Given conclusion is given by 1, 3, Conj
III4. Use the first 8 rules of inference to derive the conclusion of
Brief intro to Section 7.1: Natural Deduction in Propositional Logic

Natural Deduction is a stepbystep method for proving the validity of propositional type
arguments
It shows exactly how the conclusion comes out of the premises
1. A B
2. ~A ( C v D)
Mar 13th, 12:00
The Exam next Wednesday will cover sections 5.1 5.3, All of Chapter 6, and the parts of
Chapter 7 covered up to and including Monday
_
Section 7.2: Further rules of Implication

Like with the previous argumentative forms, it is very impor
p. 355 Use indirect truth tables to determine the validity of these arguments
II1.
K ~ K
K

K ~ K
F
K
F
Here, there is only one premise. However, the argument is still valid because there we
have been unable to show that assuming the conclusion is false
April 24th, 12:00
Section 8.6: Relational Predicates
 Continued from last class, there are overlapping statements, where the quantifiers overlap
each other
 Examples: (x)(y) Dxy would translate to Everything is different from something
o (x)(y) translat
April 22nd, 12:00
Further example in Section 8.5
p. 494
II4.
Given:
1. (x) (Ax Bx)
2. (x) Ax
(x) (Bx)

A a Ba
F
Aa
T
Ba
F
It is impossible to show that this argument is invalid in a universe with one object.
Therefore a universe of two objects must be a
Given:
Note that the final reason for the proof (3 7, CP) can be given next to the conclusion
while the conclusion is not stated on the final line of the proof (this is also optional)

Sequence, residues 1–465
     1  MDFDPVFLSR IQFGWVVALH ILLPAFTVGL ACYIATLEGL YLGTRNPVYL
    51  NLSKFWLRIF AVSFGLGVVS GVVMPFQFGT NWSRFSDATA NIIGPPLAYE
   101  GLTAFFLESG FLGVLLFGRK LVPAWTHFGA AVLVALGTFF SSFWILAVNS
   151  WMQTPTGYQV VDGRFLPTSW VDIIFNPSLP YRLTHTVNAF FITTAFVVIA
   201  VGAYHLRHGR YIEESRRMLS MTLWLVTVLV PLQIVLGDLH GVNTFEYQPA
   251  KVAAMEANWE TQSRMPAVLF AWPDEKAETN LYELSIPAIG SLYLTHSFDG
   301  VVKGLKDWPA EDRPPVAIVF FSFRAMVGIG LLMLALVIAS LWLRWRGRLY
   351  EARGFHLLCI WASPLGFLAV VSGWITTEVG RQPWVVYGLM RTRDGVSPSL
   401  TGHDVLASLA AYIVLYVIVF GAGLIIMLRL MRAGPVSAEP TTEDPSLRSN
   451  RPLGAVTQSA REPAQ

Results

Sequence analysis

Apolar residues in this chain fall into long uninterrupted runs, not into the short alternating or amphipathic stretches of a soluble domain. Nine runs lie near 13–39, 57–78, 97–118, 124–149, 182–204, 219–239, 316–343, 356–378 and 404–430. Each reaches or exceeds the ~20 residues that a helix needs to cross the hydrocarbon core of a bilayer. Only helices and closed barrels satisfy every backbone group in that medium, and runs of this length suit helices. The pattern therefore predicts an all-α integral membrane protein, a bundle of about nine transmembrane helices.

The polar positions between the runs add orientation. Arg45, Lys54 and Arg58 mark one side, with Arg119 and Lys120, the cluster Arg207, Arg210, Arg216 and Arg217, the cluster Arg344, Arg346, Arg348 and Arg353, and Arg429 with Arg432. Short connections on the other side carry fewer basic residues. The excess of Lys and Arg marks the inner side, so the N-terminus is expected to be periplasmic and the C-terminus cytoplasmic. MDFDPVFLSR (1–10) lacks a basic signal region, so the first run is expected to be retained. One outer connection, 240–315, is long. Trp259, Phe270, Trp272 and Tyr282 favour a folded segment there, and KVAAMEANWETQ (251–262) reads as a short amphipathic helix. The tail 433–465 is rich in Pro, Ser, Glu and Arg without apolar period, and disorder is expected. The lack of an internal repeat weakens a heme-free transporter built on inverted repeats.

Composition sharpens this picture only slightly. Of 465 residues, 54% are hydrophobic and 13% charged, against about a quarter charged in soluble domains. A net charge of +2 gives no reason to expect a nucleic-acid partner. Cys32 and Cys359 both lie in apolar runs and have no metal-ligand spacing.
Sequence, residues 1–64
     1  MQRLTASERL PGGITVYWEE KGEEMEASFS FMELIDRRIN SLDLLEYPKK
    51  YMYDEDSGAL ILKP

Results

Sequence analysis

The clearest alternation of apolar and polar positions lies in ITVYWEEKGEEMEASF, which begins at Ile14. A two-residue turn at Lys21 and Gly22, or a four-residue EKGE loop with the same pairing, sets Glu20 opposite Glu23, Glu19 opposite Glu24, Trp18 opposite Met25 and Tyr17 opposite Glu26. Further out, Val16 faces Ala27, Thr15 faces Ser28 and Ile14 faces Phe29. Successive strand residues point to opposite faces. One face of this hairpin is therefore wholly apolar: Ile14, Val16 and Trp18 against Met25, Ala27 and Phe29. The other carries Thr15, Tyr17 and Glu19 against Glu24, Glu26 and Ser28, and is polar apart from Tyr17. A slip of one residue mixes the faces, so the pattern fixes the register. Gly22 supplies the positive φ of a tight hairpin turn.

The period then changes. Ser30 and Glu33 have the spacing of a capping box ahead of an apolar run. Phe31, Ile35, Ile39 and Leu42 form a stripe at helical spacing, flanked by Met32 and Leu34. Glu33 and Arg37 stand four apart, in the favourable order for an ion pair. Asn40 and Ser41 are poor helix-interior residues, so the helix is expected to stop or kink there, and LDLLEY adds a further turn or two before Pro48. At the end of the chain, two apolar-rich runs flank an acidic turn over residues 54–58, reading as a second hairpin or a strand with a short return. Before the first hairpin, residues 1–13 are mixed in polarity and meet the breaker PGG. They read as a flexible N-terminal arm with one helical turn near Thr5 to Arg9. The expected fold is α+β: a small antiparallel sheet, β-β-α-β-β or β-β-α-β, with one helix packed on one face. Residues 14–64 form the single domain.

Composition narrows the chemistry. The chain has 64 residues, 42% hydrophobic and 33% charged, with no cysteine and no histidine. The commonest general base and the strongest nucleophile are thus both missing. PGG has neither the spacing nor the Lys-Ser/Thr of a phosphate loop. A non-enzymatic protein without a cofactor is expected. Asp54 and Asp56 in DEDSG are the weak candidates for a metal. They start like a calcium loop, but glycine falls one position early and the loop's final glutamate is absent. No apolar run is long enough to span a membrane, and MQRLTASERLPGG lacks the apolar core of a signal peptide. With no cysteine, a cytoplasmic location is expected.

Again note ACP is the given reason for assuming A and the conditional
Mar 20th, 12:00
Reviewing problems from the test
Directions: Use either the direct or indirect methods to show that an argument is valid or invalid
in propositional logic. First, state whether the argument is valid or invalid. Second, state which
valid or
Mar 23rd, 12:00
Reviewing problems from the test (cont.)
Given:
Derive: ~(~F v G) ([~ A A) ( B B)]
1. [(A A) ( B B)]
2. (A B) ( C v D)
3. D (~ F ~G)
4. ~C
5. (A B)
1, Taut
6. (C v D)
2.5. MP
7. ~C D
6, Impl
8. D
4, 7, MP
9. ~(F ~G)
3,8, MP
10. (A B) (~ F
Mar 27th, 12:00
There was a quiz today on section 7.1 7.6, so the notes are fairly short today.
_
Brief Intro to Section 8.1: Predicate Logic
 Simply put, predicate logic is a combination of categorical and propositional logic
 The most basic terms of p
Mar 25th, 12:00
More conditional proof: p. 442: Derive the following argument using conditional proof
Given:
Derive: (E H) J (4 12, CP)
1. E ( F G)
2. H ( G I)
3. (F I) ( J v ~H)
4. E H
ACP
5. E
4, Simp
6. (F G)
1, 5, MP
7. H E
4, Comm
8. H
7, Simp
9. (
Mar 30th, 12:00

Section 8.1: Predicate Logic
Last class covered the universal quantifier, x, y, or z.
There is also the Particular quantifier, or the Existential quantifier
x( Hx Lx) means there exists at least one human that is living
x( Hx ~Lx) means
Mar 16th, 12:00
As noted before, the exam will cover 5.1 5.3, all of Chapter 6, and 7.1 7.4
_
Section 7.4: More Rules of Replacement
 Again rote memorization can only be achieved by doing several homework problems
from the text.
 One should be familiar
Directions:. The following arguments are valid. Apply the argument forms and rules to prove
the validity of the following arguments.
_
Given:
Derive: [A (B v C)] ~ C
1. [A (B v C)] ( A D)
2. (A D) ( A v ~C)
3. ~A
4. (A B) v (A C)
5. [A (B v C)]
6. (A D)
April 1st, 12:00
More practice in Section 8.2
p. 473
I2.
Given:
1. (x) (Bx Cx)
2. (x) (Ax Bx)
3. An Bn
4. An
5. Bn An
6. Bn
7. Bn Cn
8. Cn
9. (Ax Cx)

Derive: (x) (Ax Cx)
2, EI
3, Simp
3, Comm
5, Simp
1, UI
7, Simp
4, 8, Conj
Note that the reasoning for